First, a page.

Pates, assorted slowly cooked meats later prepared into tasty rillettes, selections of dry cured meat varieties, pancetta, salamis, sausages, chorizo, to long time smokehouse favorites like bratwurst and hot dogs, the list goes on in the How-To/Recipe Memoir book: “Olympia Provisions, American Charcuterie Quality Meats Since 2009 Portland, Oregon 97214.”
“Olympia Provisions,’ American Charcuterie Quality Meats Since 2009 Portland, Oregon 97214” Whew. I know. It’s got sort of a long title. It’s also got a grey cover requiring a lot of photographs just to get a decent color depth photo of the book. But lest we not judge a book by its cover, for this book caused my mouth to water to the tune of inspiring me preparation of an old longtime favorite, Country Pate, and hence in some version may do the same for you as well.
It has admittedly been a few years since pulling out my long, heavy enameled, creamy white colored terrine/pate dish that sits in the corner of the second shelf in my pantry.
I was so excited to marinate dried apricots in some brandy and eagerly pick greened pistachios from their hard outer shells, little details in re-creating flavor memories, in this case for me, a trip to Quebec some years back having enjoyed some sort of varied yet similar pate at most every meal at every restaurant visited over the course of a little longer than a long weekend.
In some ways the series of events coordinating my Country Pate tied to this Post could definitely be compared to even further enhancing a greater respect on the hard work and diligence required in the preparation of any Charcuterie.
It also reminded me that I also need to purchase a darn meat grinder attachment rather than traveling the city of Philadelphia for having my specified meats readily ground. But that wasn’t the only challenge surrounding both the pate and writing today’s book review, it was also my insistence on finding caul fat rather than just purchasing some thinly sliced pork fat back so readily available at the local international market, or even just bacon, both of which would have well suited as the lining to the assorted ingredients to be used as my lead photograph for the Post. Imagine my initial delight after a dozen phone calls to having finally identified where to purchase the caul fat provision, later presented to me all wrapped up from a butcher shop at the 9th Street Market, until later my horror upon opening the package to some very thick piece of very thick fat, pork, I think. It definitely was not caul fat in any event, and there it went on and on in my brilliant idea of preparing a Country Pate as the feature photo.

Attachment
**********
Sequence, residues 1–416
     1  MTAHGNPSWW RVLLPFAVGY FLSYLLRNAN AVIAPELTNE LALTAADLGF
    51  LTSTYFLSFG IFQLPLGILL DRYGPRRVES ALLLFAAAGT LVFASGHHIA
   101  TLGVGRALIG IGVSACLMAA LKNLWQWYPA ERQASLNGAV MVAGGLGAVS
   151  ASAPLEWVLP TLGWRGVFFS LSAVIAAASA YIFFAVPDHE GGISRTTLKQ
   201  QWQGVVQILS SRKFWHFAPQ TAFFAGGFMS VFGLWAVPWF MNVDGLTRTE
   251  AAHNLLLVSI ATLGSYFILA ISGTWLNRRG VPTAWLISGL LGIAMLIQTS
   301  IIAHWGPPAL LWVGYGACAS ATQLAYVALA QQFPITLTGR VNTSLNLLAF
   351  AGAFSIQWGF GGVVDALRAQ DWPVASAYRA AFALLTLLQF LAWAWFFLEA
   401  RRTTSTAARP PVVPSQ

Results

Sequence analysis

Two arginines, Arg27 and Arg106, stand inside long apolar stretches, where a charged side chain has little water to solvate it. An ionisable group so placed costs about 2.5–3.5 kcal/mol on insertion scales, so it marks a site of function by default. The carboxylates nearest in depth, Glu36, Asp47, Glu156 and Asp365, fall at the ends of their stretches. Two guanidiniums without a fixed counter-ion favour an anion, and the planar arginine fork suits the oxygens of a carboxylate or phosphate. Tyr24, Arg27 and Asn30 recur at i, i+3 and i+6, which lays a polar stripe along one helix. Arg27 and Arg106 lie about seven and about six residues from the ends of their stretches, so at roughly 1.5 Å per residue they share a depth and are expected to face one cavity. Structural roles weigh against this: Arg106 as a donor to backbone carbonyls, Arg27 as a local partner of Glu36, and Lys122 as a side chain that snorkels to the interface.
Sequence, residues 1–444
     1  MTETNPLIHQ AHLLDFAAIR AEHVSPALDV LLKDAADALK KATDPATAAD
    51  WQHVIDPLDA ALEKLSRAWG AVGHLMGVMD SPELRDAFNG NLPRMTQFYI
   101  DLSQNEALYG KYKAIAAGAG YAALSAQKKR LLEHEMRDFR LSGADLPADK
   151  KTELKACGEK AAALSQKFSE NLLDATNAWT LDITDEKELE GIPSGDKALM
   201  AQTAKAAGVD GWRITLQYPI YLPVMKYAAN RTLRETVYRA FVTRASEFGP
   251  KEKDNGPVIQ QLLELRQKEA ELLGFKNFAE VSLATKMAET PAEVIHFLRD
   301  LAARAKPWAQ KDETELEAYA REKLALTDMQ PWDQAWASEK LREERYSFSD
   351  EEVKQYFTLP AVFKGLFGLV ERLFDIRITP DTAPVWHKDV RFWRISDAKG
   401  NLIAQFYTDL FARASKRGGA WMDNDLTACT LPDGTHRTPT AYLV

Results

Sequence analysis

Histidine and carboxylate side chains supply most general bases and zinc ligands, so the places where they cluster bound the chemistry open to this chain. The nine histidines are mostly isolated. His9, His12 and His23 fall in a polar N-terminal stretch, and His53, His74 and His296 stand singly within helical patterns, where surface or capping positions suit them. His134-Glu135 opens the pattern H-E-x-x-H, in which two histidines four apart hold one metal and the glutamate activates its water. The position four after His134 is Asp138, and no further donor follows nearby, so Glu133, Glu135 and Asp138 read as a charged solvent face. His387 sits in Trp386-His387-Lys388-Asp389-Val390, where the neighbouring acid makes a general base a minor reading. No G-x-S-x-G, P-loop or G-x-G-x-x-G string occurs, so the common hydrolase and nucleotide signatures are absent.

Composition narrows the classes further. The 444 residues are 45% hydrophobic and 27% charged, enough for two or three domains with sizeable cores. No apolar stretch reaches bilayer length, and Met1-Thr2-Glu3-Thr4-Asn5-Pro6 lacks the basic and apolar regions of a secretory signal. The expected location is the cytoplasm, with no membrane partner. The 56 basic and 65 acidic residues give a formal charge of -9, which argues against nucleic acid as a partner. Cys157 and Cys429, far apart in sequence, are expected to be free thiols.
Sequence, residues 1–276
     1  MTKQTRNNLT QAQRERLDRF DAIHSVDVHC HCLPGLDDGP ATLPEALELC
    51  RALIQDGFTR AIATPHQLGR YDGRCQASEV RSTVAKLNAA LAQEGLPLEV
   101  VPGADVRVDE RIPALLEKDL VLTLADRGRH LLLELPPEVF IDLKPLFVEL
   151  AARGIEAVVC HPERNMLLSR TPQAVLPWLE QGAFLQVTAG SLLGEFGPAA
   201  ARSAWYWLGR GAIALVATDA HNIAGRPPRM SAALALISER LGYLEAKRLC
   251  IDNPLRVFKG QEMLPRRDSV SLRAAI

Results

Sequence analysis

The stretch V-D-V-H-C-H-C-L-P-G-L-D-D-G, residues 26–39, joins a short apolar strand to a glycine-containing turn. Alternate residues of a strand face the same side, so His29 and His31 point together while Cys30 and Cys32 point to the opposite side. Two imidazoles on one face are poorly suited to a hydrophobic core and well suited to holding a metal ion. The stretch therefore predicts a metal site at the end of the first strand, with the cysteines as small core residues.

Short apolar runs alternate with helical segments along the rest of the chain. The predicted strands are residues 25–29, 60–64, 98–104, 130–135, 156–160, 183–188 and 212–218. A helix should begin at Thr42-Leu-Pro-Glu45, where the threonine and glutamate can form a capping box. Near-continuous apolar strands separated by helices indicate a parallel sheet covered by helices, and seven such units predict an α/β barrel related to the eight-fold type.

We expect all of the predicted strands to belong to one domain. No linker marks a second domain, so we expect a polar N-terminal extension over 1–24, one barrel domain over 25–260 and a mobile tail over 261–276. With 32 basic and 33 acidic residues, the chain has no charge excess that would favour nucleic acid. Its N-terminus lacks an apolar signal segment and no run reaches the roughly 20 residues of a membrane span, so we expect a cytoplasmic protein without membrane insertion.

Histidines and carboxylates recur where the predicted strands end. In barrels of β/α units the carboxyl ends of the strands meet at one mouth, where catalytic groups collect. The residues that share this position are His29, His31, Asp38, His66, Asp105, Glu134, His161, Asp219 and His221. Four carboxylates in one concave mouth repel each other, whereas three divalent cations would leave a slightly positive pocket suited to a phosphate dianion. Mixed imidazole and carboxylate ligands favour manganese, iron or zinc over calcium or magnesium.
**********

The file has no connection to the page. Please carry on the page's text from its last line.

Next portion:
Ultimately providing the true delight in sharing this book, besides garnered appreciation in the preparation of Charcuterie is something like, well, something like finally sitting down to that lovely country pate, the charcuterie tray, savoring each and every bite from the very beginning to end. I’ll just call it ‘Olympia Provisions’ for now, a cookbook oh so easy to get drawn into with its sometimes humorous, always engaging, and meaningful story line, really, even if you don’t happen to be into actually preparing Charcuterie.